Ben Clay is a recently elected Labour councillor for Burnage, who promised during his election campaign to push for better housing conditions in Manchester. He is also a member of Tenants Union UK (TUUK)which is fighting for renters’ rights across the UK and has an active branch in Manchester. Clay says there are a lot of absentee landlords in Manchester, that many landlords have the resources to improve their properties but don’t, and that more regulation is needed in the PRS:
“We need universal landlord licensing throughout the whole of GM. In the future we would like to do things like rent controls, but that would require legislation change from a Labour Government. At a GM level we are looking at a landlord’s charter or a tenant’s charter which will be used to differentiate the good landlords from the bad landlords.” He went on to add that the TUUK were helping tenants to get “get advice and support, and we are campaigning to ensure that their voices are heard and that councils do everything in their power to enforce exisiting law and regulation, but also to campaign for change at national level”.
Currently Manchester only has selective landlord licensing which covers around 8% of Manchester. Universal Landlord Licensing would cover the whole of Manchester, forcing landlords to register and to maintain a set of mandatory standards at their properties. Clay also believes that more social housing is critical to sorting out not just youth housing, but for housing everyone who needs it, saying:
“I have stated explicitly that we need more social housing: that’s the solution to many of these problems, and for me social housing is there for everybody that needs it, not just seen to be a housing of last resort for desperate cases and the most destitute people… because originally social housing was housing that was there to improve the lives of everyone in society, and many reasonably well off working class and middle class people lived in social housing.”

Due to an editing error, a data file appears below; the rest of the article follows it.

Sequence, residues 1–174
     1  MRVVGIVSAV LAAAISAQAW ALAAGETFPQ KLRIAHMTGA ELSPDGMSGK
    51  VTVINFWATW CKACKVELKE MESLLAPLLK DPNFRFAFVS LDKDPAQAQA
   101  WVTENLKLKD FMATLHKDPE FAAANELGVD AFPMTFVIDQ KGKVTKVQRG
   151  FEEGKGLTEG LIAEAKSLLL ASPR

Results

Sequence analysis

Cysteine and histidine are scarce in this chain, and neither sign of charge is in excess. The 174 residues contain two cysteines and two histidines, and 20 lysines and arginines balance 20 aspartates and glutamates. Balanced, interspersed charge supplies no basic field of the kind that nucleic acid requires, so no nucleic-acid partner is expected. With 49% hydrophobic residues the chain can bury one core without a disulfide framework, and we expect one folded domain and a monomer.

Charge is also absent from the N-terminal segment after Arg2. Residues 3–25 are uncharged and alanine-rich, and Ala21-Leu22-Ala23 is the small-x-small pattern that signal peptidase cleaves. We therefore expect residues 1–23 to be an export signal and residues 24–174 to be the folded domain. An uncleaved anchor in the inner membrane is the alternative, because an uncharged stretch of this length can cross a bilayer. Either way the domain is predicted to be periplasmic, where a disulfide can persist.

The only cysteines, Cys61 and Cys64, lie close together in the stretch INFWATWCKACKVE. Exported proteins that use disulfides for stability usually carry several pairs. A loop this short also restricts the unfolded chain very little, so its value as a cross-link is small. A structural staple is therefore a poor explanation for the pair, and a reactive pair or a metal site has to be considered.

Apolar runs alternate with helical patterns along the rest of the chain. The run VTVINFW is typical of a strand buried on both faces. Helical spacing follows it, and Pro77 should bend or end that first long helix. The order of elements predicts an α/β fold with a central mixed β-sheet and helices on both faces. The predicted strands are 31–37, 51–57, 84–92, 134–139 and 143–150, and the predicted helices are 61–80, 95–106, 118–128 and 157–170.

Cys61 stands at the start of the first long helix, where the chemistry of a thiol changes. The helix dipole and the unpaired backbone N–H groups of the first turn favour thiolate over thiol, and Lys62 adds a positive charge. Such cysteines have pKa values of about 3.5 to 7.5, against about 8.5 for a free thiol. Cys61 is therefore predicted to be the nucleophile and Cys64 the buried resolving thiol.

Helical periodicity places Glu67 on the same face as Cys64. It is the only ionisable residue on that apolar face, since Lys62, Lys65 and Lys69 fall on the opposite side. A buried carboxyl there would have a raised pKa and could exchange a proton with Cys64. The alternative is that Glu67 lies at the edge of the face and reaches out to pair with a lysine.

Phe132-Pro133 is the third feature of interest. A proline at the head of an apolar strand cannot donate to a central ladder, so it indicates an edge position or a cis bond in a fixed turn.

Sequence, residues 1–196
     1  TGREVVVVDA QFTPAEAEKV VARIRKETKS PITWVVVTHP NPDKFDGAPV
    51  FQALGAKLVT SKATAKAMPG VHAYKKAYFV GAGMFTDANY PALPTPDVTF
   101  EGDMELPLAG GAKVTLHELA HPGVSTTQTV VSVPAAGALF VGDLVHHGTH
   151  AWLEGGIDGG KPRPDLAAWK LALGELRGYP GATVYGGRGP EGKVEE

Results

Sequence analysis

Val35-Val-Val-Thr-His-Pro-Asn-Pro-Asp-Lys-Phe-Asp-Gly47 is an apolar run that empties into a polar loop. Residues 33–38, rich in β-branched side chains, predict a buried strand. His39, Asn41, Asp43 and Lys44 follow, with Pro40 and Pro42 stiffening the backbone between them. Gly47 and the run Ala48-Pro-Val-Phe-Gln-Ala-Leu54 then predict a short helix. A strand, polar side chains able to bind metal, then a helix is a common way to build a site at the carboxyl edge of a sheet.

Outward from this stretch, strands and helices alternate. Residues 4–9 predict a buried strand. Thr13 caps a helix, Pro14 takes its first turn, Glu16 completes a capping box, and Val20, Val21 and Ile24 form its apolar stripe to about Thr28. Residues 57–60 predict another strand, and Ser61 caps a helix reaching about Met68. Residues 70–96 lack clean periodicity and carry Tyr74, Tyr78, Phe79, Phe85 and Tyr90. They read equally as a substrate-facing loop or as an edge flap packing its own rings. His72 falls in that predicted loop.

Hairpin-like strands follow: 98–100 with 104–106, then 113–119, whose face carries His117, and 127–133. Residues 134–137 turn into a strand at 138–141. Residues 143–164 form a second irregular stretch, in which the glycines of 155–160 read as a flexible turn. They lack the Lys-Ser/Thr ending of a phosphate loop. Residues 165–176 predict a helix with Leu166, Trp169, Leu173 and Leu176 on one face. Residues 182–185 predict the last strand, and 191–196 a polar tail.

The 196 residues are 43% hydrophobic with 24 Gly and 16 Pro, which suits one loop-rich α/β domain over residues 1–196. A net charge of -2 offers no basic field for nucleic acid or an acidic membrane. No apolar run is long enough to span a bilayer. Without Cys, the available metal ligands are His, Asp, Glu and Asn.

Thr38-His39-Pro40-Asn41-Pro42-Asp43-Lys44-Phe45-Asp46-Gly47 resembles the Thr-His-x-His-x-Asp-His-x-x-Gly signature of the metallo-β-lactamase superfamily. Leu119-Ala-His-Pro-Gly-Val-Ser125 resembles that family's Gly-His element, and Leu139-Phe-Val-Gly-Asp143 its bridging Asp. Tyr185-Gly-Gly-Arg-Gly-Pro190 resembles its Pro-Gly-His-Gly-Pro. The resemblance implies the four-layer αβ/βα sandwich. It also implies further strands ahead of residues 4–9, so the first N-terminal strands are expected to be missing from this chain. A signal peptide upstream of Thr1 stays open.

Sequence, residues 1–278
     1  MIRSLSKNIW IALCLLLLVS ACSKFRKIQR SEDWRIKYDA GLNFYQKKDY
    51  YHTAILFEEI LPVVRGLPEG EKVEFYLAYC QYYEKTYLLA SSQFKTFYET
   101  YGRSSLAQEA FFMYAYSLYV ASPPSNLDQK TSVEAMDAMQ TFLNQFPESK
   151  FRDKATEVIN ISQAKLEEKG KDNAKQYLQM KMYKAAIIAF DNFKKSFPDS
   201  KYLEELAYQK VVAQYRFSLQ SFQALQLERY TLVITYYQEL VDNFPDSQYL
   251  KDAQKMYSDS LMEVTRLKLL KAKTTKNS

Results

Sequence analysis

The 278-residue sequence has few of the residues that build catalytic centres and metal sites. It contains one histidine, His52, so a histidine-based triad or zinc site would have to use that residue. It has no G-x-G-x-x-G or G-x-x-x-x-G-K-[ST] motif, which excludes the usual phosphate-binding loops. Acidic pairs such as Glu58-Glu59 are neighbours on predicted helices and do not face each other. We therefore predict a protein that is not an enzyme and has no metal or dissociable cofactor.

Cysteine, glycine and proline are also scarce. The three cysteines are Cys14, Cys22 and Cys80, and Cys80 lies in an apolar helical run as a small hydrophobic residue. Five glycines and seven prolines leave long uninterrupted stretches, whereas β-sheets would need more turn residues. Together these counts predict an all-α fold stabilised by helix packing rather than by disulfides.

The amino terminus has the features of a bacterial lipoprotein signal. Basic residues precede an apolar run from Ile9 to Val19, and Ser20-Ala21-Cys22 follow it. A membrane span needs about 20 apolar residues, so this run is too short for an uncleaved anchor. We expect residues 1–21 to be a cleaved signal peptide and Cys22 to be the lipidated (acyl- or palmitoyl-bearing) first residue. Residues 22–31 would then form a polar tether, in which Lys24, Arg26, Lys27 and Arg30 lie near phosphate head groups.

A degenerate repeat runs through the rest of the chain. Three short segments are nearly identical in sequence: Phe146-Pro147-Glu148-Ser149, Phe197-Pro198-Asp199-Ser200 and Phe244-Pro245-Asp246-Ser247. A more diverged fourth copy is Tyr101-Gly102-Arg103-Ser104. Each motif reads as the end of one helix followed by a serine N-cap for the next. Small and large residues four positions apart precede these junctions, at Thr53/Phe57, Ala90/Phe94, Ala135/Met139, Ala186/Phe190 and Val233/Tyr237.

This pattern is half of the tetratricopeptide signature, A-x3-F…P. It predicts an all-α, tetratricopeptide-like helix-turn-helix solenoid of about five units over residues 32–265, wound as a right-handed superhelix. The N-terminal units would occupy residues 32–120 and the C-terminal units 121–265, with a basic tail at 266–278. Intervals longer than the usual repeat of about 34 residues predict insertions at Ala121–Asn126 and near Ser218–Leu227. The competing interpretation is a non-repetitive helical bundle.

Manchester landlords stand up
But until that social housing arrives, the pressure to house young people in the private rented sector can only increase. That is why Lifeshare is calling for Manchester landlords to stand up and be counted by offering tenancies to young homeless people in Manchester. Blanshard says she often deals with small groups of young people, that ideally would like to be housed together:
“We want landlords to come forward to take groups of young people, with houses, we would like two, three, four bedroom places, we desperately need them to give them a chance, on the understanding that we do not recommend anybody that is not going to be a good tenant. We are not talking spice users or anything like that. We are talking young people, who are responsible, and want a chance. The ones I have dealt with have gone on to become model tenants – I have three in M9, I have three happy landlords, they are no trouble at all.”
Providing deposits for tenancies, paying three months rent up front, and finding guarantors for tenancies is also a stumbling block for Lifeshare in finding homes for homeless youths in Manchester. They are asking for concerned businesses and individuals to donate deposits and act as guarantors. Details of how to contact Lifeshare can be found below.
Contact details for Lifeshare – click here
Tenants Union UK website – click here
Feature image: Geograph
* For Zoopla a search was carried out for all rented accommodation opportunities in Manchester, this was then filtered by setting a £75/week rent upper limit (nearest graduation to required amount) Then all hits above £68/week were manually verified, counted and removed. A key word filter for ‘No DSS’ was then carried out to determine the remaining adverts left that would not accept social security. For Gumtree a search was carried out for all rented accommodation opportunities in Manchester, this was then filtered by setting a £68week rent upper limit. The adverts containing ‘No DSS’ were then manually verified and counted.